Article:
The United States Department of Justice (DOJ) objected to Celsius’ motion to restart withdrawals for select customers and sell its stablecoin holdings.
Other authorities in the United States have also objected to Celsius’ motion and wish for any critical decisions to take place only after an independent examiner report.
The DOJ has taken multiple steps to eliminate criminal activity using crypto and recently formed a network of federal prosecutors focusing solely on the matter.
Bankrupt lending platform Celsius Network has hit another obstacle in its bid to navigate bankruptcy proceedings, as the United States Department of Justice (DOJ) has filed an objection to a motion. The DOJ has objected to Celsius’ bid to restart withdrawals for select customers and its desire to sell its stablecoin holdings. Celsius is looking to return $48 million worth of assets to customers.
The DOJ submitted the filing to the Bankruptcy Court for the Southern District of New York. William Harrington, the U.S. Trustee for the DOJ, said there was a lack of transparency and that any critical decisions cannot happen without some more insight into Celsius’ finances.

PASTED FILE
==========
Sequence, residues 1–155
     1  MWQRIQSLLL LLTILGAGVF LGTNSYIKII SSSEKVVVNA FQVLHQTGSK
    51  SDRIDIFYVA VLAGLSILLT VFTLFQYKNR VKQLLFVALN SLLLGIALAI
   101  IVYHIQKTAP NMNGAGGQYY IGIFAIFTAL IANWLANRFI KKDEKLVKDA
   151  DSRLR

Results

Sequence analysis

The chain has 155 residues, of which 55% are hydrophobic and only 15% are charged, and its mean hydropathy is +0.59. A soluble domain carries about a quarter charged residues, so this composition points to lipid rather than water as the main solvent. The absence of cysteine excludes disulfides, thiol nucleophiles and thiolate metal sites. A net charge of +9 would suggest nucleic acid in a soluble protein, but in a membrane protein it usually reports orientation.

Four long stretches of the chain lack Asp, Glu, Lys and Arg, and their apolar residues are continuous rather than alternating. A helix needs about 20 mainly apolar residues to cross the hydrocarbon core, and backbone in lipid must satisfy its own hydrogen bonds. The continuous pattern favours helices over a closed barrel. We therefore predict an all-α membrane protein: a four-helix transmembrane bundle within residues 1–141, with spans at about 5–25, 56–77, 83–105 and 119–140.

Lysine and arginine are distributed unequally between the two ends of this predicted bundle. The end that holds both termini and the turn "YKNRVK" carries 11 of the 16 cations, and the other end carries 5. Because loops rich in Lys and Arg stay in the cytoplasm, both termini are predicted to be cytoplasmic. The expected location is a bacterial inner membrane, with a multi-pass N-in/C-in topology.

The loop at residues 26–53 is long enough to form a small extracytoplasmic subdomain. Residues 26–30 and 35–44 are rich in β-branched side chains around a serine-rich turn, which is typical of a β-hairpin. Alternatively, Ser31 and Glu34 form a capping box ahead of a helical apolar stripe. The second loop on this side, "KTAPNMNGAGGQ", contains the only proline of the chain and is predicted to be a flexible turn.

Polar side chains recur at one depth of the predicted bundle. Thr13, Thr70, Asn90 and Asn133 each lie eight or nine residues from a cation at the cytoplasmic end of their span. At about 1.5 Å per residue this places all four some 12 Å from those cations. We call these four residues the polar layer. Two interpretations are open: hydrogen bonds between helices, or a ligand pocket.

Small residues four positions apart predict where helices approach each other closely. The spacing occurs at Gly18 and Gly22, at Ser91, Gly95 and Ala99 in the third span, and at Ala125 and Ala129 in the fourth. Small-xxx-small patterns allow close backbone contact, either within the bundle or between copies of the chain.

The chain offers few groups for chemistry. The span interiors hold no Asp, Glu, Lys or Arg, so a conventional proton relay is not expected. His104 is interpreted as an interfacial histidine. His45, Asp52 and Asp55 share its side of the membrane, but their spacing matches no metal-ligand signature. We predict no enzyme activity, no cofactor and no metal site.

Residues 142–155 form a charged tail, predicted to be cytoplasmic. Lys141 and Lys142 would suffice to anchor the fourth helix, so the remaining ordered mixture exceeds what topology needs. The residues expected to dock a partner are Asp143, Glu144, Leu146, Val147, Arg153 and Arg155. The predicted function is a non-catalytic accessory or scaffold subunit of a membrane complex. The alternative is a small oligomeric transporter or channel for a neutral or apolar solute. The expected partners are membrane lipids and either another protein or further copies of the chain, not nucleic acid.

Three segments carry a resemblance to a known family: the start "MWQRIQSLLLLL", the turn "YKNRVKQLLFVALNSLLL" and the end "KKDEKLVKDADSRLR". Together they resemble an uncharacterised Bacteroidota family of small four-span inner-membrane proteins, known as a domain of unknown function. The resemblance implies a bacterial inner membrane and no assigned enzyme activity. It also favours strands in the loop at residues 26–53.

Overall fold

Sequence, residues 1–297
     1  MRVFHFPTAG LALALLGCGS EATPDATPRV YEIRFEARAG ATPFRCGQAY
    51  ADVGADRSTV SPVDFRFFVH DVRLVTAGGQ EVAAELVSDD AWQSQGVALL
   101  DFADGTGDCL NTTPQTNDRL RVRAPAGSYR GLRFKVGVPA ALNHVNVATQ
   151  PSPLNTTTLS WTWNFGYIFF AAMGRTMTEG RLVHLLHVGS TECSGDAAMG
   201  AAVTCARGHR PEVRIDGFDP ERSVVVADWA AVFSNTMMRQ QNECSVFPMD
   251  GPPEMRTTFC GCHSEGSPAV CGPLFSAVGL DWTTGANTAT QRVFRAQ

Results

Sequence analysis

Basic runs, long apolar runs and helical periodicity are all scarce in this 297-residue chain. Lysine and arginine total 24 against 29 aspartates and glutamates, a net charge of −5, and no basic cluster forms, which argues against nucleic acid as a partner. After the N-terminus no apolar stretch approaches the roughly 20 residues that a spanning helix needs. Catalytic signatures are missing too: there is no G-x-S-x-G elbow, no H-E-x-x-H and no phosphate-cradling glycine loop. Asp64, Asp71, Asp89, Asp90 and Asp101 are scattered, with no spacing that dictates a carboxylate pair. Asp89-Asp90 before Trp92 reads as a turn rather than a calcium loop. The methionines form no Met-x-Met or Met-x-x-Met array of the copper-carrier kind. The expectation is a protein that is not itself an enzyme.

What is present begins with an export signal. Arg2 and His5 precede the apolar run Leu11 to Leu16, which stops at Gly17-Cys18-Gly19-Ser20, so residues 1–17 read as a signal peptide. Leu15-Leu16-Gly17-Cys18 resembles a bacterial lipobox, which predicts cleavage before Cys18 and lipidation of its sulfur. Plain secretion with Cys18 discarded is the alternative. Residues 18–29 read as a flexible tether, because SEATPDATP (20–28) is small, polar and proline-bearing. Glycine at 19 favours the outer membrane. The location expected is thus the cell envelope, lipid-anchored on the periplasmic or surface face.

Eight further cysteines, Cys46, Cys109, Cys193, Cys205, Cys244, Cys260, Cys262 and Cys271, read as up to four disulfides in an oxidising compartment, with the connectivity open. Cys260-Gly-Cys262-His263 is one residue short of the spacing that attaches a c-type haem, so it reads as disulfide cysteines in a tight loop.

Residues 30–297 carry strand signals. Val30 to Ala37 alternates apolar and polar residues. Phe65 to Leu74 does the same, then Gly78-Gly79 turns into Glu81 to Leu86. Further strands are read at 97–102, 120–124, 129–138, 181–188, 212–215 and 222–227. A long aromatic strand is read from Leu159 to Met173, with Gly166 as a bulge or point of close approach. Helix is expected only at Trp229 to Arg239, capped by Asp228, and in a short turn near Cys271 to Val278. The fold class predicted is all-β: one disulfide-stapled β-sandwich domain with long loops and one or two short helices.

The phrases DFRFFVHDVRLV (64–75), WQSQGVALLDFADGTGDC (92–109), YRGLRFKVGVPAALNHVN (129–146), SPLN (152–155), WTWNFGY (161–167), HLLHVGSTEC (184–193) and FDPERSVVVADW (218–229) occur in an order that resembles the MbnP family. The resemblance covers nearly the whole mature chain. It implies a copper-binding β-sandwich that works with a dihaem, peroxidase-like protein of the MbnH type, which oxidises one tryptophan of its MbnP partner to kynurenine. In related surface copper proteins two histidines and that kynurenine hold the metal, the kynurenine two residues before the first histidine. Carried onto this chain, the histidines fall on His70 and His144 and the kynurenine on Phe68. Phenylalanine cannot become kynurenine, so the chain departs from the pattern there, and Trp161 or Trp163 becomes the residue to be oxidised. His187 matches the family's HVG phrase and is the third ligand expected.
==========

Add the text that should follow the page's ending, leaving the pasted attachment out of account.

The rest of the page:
The objection follows a filing by several other American authorities, including the Vermont Department of Financial Regulation, the Texas State Securities Board, and the Texas Department of Banking, all of which objected to any sales of stablecoins by Celsius.
Harrington says that the motions are premature and should take place after an independent examiner report has been filed. The filing also states that the parties involved require additional information to assess the impact that distribution or sale would have.
The independent examiner report will cover such matters as the holdings of Celsius and its storage and “why there was a change in account offerings beginning in April 2022 from the Earn Program to the Custody Service for some customers while others were placed in a ‘Withhold Account.’”
DOJ Actively Working Towards Curbing Crypto Crimes
The DOJ has been ramping up its efforts to clamp down on crimes related to cryptocurrencies. There has been a noticeable uptick in these actions this year, including the creation of a national network of prosecutors who focus solely on cryptocurrency-related crimes. Called the Digital Asset Coordinator (DAC) Network, it consists of over 150 federal prosecutors led by the DOJ’s National Cryptocurrency Enforcement Team.
At the time it announced the new team, it also published a report on crypto crimes. The report talked about the efforts by bad actors to make use of the crypto market and proposed actions to enhance the ability to gather evidence and begin prosecutions. It also referred to the role of NFTs and DeFi in facilitating crime.
As for more action-oriented efforts, the Delaware DOJ froze funds of 23 entities involved in “pig butchering scams.” These entities were sent a cease-and-desist order, which is just part of the broader effort to take action against crypto scams.